Law.com, an online resource for legal news and information, in a dictionary entry accessed on Aug. 18, 2008, defined life in "prison without the possibility of parole" as the following:
sometimes given for particularly vicious criminals in murder cases or
to repeat felons, particularly if the crime is committed in a state
which has no death penalty, the jury chooses not to impose the death
penalty, or the judge feels it is simpler to lock the prisoner up and 'throw away the key' rather than invite years of appeals while the
prisoner languishes on death row. Opponents of capital punishment often
advocate this penalty as a substitute for execution. It guarantees the
criminal will not endanger the public, and the prospect of never being
outside prison is severe punishment. Contrary arguments are that this
penalty does not deter murderers, there is always the possibility of
escape or killing a guard or fellow prisoner, or some soft-hearted
Governor may someday reduce the sentence."
Derral Cheatwood, PhD, Professor of Sociology at the University of Texas, San Antonio, in his entry for the 1996 edition of the Encyclopedia of American Prisons titled "Life Without Parole," wrote:
"A life-without-parole sanction is a legal provision that specifies that the remainder of the criminal's natural life will be spent in prison. The life-without-parole sanction gained popularity as people realized that a normal life sentence, even a 'natural life' sentence, does not necessarily mean that the offender will be behind bars for life. Almost every state has a provision in its laws so that an offender sentenced to life becomes eligible for parole after a set number of years, or can accrue 'good time' credits and thus be released. Further, in most states the governor, sometimes in concert with a board, may commute a prisoner's sentence or may pardon an individual. In those states, a governor could pardon a prisoner with a life sentence outright, or could commute a life-with-out-parole sentence so that the individual would then be eligible for parole...
There are two fundamental types of life-without-parole statutes. One addresses the problem of habitual offenders or career criminals, while the other reflects a just-deserts morality toward the most serious criminal offenders. In the vast majority of the states with such statutes, the sanction may be applied for a single crime, most commonly first degree murder, rather than for any pattern of criminal behavior. Since the majority of these statutes apply to first degree murder, they are referred to as capital offender statutes. As of 1990, approximately thirty states had some variation on a life-without-parole sanction for capital offenders. The laws are quite similar, with minor variations in each state. In six states the life-without-parole provision is found among the legislated duties and responsibilities of the parole board or parole commission. These laws restrict the authority of the parole board to consider parole or early release in specified capital cases.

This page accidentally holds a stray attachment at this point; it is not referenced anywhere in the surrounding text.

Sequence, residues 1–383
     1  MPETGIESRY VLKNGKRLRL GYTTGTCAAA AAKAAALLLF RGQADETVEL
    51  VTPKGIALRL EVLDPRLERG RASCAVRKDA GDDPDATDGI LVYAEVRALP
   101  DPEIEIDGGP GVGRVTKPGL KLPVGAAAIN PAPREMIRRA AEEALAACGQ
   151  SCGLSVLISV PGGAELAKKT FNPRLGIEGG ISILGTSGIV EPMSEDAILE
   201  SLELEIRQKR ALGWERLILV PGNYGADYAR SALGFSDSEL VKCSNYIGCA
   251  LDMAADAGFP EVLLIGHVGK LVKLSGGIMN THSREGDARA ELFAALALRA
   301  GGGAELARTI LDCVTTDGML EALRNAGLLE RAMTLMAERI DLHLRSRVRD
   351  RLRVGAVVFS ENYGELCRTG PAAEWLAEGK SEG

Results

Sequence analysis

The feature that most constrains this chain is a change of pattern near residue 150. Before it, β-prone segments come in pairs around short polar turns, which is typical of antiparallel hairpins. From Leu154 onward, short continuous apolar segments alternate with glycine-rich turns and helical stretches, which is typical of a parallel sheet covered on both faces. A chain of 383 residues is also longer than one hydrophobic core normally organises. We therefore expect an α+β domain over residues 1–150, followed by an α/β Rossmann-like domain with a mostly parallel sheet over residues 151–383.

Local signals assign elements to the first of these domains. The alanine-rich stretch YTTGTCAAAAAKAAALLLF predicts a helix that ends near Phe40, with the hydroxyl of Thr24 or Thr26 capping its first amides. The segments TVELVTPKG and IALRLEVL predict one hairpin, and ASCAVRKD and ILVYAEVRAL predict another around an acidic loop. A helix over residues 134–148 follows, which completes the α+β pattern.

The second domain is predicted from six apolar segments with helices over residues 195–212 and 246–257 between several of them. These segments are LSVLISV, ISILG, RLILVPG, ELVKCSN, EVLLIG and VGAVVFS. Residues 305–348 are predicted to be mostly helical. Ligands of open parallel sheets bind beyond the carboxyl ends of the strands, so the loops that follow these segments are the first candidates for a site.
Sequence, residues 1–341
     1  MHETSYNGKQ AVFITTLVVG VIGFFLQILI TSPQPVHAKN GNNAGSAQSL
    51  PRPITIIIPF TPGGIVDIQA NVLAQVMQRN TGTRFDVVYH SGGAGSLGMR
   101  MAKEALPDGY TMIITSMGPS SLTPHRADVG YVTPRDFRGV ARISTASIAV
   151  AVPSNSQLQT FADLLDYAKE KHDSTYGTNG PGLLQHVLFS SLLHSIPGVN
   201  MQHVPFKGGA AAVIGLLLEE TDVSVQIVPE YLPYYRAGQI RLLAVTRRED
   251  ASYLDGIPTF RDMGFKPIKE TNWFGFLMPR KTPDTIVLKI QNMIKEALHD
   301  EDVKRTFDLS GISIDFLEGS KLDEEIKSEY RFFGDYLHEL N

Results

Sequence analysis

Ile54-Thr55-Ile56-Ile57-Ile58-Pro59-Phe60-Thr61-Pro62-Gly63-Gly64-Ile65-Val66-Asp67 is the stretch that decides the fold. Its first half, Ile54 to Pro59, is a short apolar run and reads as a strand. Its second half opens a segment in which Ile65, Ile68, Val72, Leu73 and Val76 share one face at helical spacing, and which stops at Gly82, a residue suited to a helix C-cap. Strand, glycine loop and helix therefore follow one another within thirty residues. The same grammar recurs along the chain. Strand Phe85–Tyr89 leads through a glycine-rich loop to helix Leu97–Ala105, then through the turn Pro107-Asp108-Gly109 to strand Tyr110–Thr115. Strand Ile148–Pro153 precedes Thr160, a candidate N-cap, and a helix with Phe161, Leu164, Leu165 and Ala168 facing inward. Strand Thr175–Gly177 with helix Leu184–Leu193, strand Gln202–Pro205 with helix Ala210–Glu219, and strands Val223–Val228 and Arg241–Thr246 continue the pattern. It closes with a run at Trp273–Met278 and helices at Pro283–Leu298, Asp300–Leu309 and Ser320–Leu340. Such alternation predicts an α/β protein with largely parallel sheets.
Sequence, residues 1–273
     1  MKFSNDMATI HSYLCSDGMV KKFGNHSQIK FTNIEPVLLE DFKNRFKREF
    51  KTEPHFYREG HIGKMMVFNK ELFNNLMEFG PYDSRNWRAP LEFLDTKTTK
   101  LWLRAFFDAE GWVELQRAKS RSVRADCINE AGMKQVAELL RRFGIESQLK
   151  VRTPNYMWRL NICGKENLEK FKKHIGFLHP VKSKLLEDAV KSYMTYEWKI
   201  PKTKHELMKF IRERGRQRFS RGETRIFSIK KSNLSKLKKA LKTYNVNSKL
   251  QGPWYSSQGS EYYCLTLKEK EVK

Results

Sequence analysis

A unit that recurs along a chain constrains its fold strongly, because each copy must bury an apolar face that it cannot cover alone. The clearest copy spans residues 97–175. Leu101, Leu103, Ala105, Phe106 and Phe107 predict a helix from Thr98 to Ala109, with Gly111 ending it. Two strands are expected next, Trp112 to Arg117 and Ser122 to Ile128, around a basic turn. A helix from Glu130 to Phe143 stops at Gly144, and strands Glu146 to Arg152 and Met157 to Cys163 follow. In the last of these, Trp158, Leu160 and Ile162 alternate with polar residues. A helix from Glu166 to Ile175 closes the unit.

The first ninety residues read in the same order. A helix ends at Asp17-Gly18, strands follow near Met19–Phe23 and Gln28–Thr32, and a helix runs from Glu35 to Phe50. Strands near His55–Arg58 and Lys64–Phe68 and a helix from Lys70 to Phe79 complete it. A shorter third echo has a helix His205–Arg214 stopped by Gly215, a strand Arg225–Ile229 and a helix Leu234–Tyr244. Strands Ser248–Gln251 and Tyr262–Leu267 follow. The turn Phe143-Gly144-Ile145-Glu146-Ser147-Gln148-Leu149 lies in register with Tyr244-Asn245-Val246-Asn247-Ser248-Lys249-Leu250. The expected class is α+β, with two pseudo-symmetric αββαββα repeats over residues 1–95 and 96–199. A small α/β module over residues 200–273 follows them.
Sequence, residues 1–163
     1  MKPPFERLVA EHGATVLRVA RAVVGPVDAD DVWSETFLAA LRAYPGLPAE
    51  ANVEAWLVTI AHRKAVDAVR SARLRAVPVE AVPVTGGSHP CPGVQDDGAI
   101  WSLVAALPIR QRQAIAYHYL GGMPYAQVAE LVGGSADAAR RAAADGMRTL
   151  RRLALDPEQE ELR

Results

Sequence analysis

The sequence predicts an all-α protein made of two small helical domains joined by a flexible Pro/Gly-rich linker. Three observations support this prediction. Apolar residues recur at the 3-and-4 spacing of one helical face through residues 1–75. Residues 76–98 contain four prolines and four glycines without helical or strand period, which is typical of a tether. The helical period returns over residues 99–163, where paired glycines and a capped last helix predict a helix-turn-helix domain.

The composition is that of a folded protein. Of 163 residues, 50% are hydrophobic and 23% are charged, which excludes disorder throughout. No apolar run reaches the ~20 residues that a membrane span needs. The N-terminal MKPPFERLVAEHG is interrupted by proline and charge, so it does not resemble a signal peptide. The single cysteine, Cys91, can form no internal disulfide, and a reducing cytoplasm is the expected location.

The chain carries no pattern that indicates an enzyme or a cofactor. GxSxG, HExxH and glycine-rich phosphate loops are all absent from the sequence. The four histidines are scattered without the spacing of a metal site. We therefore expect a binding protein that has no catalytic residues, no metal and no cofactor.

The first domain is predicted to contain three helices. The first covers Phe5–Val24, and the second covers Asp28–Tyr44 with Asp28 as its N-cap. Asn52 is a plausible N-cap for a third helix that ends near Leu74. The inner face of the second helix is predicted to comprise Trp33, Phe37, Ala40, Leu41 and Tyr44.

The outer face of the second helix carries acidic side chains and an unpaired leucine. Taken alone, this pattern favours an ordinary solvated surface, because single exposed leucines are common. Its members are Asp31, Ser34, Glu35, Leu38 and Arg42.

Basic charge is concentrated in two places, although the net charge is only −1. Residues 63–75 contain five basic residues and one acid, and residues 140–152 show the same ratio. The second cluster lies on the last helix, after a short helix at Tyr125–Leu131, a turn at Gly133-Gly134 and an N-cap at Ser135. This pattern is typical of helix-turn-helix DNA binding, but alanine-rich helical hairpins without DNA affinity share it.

The penalty may be an alternative to capital punishment or to a normal life sentence, depending upon the circumstances of the offense and offender..."
Adam Liptak, JD, Legal Correspondent and Columnist for the New York Times, in an Oct. 2, 2005 article titled "To More Inmates, Life Term Means Dying Behind Bars," wrote:
"A survey by The New York Times found that about 132,000 of the nation's prisoners, or almost 1 in 10, are serving life sentences. The number of lifers has almost doubled in the last decade, far outpacing the overall growth in the prison population. Of those lifers sentenced between 1988 and 2001, about a third are serving time for sentences other than murder, including burglary and drug crimes.
Growth has been especially sharp among lifers with the words 'without parole' appended to their sentences. In 1993, the Times survey found, about 20 percent of all lifers had no chance of parole. Last year, the number rose to 28 percent.
The phenomenon is in some ways an artifact of the death penalty. Opponents of capital punishment have promoted life sentences as an alternative to execution. And as the nation's enthusiasm for the death penalty wanes amid restrictive Supreme Court rulings and a spate of death row exonerations, more states are turning to life sentences.
Defendants facing a potential death sentence often plead to life; those who go to trial and are convicted are sentenced to life about half the time by juries that are sometimes swayed by the lingering possibility of innocence.
As a result the United States is now housing a large and permanent population of prisoners who will die of old age behind bars. At the Louisiana State Penitentiary in Angola, for instance, more than 3,000 of the 5,100 prisoners are serving life without parole, and most of the rest are serving sentences so long that they cannot be completed in a typical lifetime...
Fewer than two-thirds of the 70,000 people sentenced to life from 1988 to 2001 are in for murder, the Times analysis found. Other lifers -- more than 25,000 of them -- were convicted of crimes like rape, kidnapping, armed robbery, assault, extortion, burglary and arson. People convicted of drug trafficking account for 16 percent of all lifers"